Shoreline Cleanups are Back

Aug 5, 2020 | Environment | 0 comments

After putting cleanups on hold for nearly four months, the Great Canadian Shoreline Cleanup relaunched to solo, household and small team cleanups. In March, volunteers were asked to cancel or postpone their cleanups to ensure volunteer safety during the COVID-19 pandemic. This meant leaving an estimated 84,000 kilograms of litter on our shorelines.

The Shoreline Cleanup, a conservation partnership of Ocean Wise and WWF-Canada, is back up and running and asking for volunteers to help clean Canada’s shorelines. But cleanups will look a little different, because of COVID-19 safety precautions — they will now be done solo or by small groups, although that doesn’t mean you’re on your own. New resources are available to help you plan, with checklists and reminders on where to look for public-health information.

The program is also hoping to reach another milestone by the end of the year: our one millionth citizen scientist! If just over 350 volunteers lend a hand each week in every province and territory the Shoreline Cleanup can reach this goal and help recover the litter that has been left behind.

COVID-19 is still a threat, but nature still needs us, now more than ever. Volunteers can help recover the litter that has been left behind before it makes its way into our waters. Last year was the biggest year in the program’s 26-year history, all thanks to the amazing volunteers

Stay safe while helping our oceans and freshwater

We want everyone to stay safe as we get back outside and protect our waters. The safety of Shoreline Cleanup volunteers is our first priority, and to help with this, the program has prepared a checklist for solo, household and small team cleanups to guide volunteers through each stage of the cleanup: before, during and after.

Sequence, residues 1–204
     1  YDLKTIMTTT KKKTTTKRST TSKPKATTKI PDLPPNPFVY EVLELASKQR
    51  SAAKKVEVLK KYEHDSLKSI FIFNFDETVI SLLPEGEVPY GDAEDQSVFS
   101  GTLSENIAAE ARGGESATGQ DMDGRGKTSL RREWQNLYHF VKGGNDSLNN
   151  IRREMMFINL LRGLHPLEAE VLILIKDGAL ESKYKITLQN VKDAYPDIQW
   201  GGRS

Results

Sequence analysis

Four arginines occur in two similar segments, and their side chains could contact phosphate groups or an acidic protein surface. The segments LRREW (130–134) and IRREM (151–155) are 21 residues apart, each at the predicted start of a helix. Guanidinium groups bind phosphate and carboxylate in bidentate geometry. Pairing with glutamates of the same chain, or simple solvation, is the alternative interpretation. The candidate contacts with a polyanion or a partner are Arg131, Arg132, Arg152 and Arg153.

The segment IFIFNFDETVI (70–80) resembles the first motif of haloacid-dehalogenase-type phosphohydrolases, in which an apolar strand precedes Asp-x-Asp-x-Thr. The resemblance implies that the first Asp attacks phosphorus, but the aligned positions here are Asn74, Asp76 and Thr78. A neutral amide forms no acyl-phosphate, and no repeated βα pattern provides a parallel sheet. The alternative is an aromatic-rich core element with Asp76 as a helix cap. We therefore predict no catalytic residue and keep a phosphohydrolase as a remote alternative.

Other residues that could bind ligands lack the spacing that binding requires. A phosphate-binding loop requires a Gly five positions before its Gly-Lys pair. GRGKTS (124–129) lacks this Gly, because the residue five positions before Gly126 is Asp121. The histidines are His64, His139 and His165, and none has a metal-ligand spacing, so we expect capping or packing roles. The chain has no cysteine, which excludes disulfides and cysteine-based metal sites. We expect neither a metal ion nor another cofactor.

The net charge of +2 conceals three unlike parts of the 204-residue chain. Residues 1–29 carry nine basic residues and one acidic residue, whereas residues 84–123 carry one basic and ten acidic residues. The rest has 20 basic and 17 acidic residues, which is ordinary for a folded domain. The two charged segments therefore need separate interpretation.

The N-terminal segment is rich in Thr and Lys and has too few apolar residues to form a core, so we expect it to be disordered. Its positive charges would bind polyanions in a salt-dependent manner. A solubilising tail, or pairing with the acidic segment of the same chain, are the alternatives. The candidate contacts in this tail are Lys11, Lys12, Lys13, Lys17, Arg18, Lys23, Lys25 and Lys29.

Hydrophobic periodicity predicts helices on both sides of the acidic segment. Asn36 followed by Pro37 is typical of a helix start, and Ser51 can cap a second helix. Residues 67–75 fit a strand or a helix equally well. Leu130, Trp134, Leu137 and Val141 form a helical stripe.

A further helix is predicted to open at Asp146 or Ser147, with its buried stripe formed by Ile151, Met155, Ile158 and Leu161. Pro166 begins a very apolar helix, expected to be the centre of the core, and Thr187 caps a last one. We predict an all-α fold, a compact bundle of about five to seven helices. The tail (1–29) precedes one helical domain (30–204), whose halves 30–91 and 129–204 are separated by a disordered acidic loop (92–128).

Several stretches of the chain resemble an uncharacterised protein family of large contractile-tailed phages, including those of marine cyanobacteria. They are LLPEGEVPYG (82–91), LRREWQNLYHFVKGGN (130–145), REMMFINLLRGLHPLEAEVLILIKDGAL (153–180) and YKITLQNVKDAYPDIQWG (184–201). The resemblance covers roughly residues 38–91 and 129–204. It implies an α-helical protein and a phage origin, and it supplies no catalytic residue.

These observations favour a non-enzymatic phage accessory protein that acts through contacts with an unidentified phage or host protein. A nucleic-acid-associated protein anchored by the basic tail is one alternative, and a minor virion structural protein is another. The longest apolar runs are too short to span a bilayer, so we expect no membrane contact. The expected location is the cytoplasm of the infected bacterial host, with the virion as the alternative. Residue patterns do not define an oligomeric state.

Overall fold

There are many kilometres of shoreline to cover and collect data on across Canada. A shoreline is anywhere that connects land and water — oceans, creeks, streams, rivers, lakes and even storm drains. Volunteers can organize a cleanup close to home, at a local park while socially distancing with a small group of friends or with family during a staycation. But before going out volunteers should refer to the advice of provincial and local public health groups on how to stay safe during COVID-19 and make use of the Shoreline Cleanup checklist. Public health guidelines can help inform appropriate group size, social distancing measures, reopening information, and other important details like how and when to use personal protective equipment.

Register your family, solo or small group to join #TeamShoreline. Year after year, volunteers play a critical role in helping reduce plastic (and other) pollution in coastal and freshwater bodies. Download the checklist to plan your solo, household or small team cleanup and register your cleanup by visiting

Helena McShane

Communications Manager, Ocean Wise Conservation Association



At issue is the forecasted hot and dry weather conditions over the August long weekend and beyond, with no significant precipitation in the forecast. With wildfire danger ratings at local stations already at Extreme, all users of the Cumberland trails are asked to be extra cautious and vigilant while recreating in the trail system.

Metal Recycling at Kus-kus-sum

Metal Recycling at Kus-kus-sum

In the spirit of summer fun, Project Watershed is holding a contest to see who can guess the number of full bins of metal that will come of the site. If you want to take a stab at estimating, email, or post your guess to Instagram or Facebook with #metalrecycling and #kuskussum, by Friday June 23rd. The closest three guesses will win a $25 gift certificate from the Peninsula Co-op. If there are more than three correct guesses we will draw three names from those who have guessed correctly.

Gold Sponsors
Upcoming Events


Submit a Comment

Your email address will not be published.